As we continue the series, we will discuss which construction completion costs should be considered reasonable.
When Are Costs Deemed Reasonable?
Reasonableness can be a subjective determination. In cases of construction contracts under federal contracting guidelines, the Federal Acquisition Regulation (FAR) contemplates that “a cost is reasonable if, in its nature and amount, it does not exceed that which would be incurred by a prudent person in the conduct of competitive business.”
The non-default party will often be looked upon favorably, and likely have its costs deemed reasonable if:
A Thoughtful Re-Solicitation is Performed
If the completion of work is being re-let, solicitation of multiple bidders can promote competitiveness and allow for additional savings through cost negotiations. Original bidders on the project should be considered for the completion as they likely already have familiarity with the plans and specifications. Contractors familiar with completion work should also be considered. A proper bid analysis should be conducted prior to award.
While reviewing multiple bids can provide a better understanding of the completion costs dictated by the market, depending on the type or condition of the project, soliciting lump sum bids may not be practical, and can result in high bid amounts due to bidder’s pricing contingencies and uncertainties associated with a project default in their bids. Efforts such as site walkthroughs and access to sufficient project documentation may help mitigate overestimates. Prudent consideration of the best means of completing the work by the Owner and putting oneself in the best position to decide can support cost reasonableness when electing to use a completion contractor.
Existing Subcontractors Are Utilized
Completion costs can typically be mitigated by entering into ratification agreements with the defaulted principal’s subcontractors and vendors to complete the subcontracted work, due to the monetary benefit of using these subcontractors, time constraints and the ability to constrain overall completion costs. The principal’s subcontractors may have already mobilized, are familiar with the project, and potentially have material available or on order, therefore allowing them to complete the remaining work at a lower price and in less time. When utilizing a completion contractor, assignment of existing subcontractors can be a check against overstated costs, and can show reasonableness of costs as the principal would have presumably incurred the balance of its own subcontractor’s costs if they had completed the work.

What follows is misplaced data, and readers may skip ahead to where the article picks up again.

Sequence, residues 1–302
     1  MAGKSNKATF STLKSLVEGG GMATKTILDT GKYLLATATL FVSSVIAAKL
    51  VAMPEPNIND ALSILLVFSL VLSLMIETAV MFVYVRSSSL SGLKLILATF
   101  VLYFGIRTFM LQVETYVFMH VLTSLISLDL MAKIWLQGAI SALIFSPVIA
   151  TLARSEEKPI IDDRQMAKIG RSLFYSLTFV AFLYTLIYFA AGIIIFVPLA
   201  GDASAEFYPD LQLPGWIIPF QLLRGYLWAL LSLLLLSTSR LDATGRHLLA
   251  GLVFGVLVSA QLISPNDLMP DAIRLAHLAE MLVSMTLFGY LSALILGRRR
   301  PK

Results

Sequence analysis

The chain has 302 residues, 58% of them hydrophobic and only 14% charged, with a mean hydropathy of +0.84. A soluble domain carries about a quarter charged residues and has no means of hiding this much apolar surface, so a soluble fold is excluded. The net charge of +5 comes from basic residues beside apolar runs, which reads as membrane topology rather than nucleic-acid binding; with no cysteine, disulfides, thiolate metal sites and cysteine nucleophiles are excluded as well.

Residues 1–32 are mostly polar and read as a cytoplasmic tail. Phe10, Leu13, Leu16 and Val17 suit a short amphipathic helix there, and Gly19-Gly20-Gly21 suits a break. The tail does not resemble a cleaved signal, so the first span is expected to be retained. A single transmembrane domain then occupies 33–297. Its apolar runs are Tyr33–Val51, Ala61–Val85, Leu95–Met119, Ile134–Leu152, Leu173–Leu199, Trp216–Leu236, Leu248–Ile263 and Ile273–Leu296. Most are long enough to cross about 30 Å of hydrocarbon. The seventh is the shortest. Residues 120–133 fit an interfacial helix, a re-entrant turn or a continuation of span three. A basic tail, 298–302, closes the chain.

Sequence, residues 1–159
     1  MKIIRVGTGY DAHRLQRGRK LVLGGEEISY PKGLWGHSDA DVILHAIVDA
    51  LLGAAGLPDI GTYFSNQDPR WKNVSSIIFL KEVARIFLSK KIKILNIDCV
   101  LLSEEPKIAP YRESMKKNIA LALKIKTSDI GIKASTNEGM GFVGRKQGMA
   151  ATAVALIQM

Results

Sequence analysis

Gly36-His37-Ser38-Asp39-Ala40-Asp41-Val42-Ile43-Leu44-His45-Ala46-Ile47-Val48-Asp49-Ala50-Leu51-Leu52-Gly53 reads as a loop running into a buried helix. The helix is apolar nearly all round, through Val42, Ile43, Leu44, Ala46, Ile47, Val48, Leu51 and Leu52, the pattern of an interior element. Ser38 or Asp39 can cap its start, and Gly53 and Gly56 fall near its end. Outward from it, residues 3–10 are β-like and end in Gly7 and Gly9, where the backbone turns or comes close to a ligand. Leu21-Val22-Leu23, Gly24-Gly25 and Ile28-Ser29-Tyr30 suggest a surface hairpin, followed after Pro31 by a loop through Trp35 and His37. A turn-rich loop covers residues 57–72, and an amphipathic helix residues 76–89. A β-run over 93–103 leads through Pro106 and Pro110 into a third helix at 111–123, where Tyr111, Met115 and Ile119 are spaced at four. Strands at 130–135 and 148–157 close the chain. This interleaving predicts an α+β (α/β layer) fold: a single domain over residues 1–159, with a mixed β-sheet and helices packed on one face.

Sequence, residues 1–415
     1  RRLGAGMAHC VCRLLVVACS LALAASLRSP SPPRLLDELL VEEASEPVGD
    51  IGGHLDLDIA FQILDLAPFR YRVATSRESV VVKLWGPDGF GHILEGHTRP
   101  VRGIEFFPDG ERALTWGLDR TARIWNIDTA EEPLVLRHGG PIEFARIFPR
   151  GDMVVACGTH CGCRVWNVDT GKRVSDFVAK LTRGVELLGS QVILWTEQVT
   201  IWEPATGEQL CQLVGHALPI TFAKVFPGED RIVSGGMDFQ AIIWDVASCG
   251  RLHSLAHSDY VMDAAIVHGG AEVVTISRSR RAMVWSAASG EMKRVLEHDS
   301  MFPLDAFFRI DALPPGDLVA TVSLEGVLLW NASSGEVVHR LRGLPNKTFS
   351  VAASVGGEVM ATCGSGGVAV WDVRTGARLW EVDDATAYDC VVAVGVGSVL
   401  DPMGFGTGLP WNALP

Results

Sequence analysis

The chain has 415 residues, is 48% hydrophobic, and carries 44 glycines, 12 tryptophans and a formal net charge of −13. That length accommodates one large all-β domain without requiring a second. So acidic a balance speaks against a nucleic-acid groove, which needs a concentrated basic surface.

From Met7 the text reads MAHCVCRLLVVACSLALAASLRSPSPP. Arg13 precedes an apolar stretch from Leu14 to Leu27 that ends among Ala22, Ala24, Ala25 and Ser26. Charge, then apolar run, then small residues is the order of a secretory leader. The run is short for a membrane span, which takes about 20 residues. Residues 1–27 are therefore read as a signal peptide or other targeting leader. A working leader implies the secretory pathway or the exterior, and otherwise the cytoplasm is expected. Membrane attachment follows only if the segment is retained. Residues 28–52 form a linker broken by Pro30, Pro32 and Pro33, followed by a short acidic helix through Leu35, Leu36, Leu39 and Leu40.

However, just because existing subcontractors are utilized may not mean that the costs are necessarily reasonable. In one matter, the completion contractor was utilizing assigned subcontractors, but was also charging a significant markup on the subcontractor costs in addition to a separate Contractor’s Fee. The markup on subcontractor costs which the Owner paid the completion contractor on top of the Contractor’s Fee was argued to be unreasonable.
Detailed Cost Tracking Is Performed
If it is worth doing, it is worth documenting. Project records are key to identifying and substantiating completion costs, must be furnished to the defaulted party upon request per standard contracting clauses, and allowing for a swift resolution of disputes of the same. Change order, or ticket work, should be coded separately from base contract work, to allow for segregation of these costs. Necessary rework of the principal’s issues should be documented sufficiently, with photographs and descriptive narrative in the daily field reports. Any self-induced deficiencies or inefficiencies should also be properly noted and removed from the recoverable costs: proper documentation and fair assignment of costs provide credibility to the recovery of completion costs. Typically, when a contractor is terminated, detailed daily reports will be kept by the completing contractor to substantiate all work performed, as these logs are the primary means of recordkeeping for activities occurring onsite and are especially important in disputes. When the work is not properly documented, it may create issues substantiating the cost reasonableness and necessity of the costs.
In part three, we will discuss which costs are not considered reasonable.
 FAR § 31.201–3
 Clore, Duncan L, et al., editors. Takeover and Completion. In Bond Default Manual, Third Edition (pp. 223 – 241). New York, NY: American Bar Association, 2005
 Clough, Richard H., et al. Construction Contracting: A Practical Guide to Company Management (Eight Ed.) (pp. 323 – 324). United States of America: John Wiley & Sons, 2015.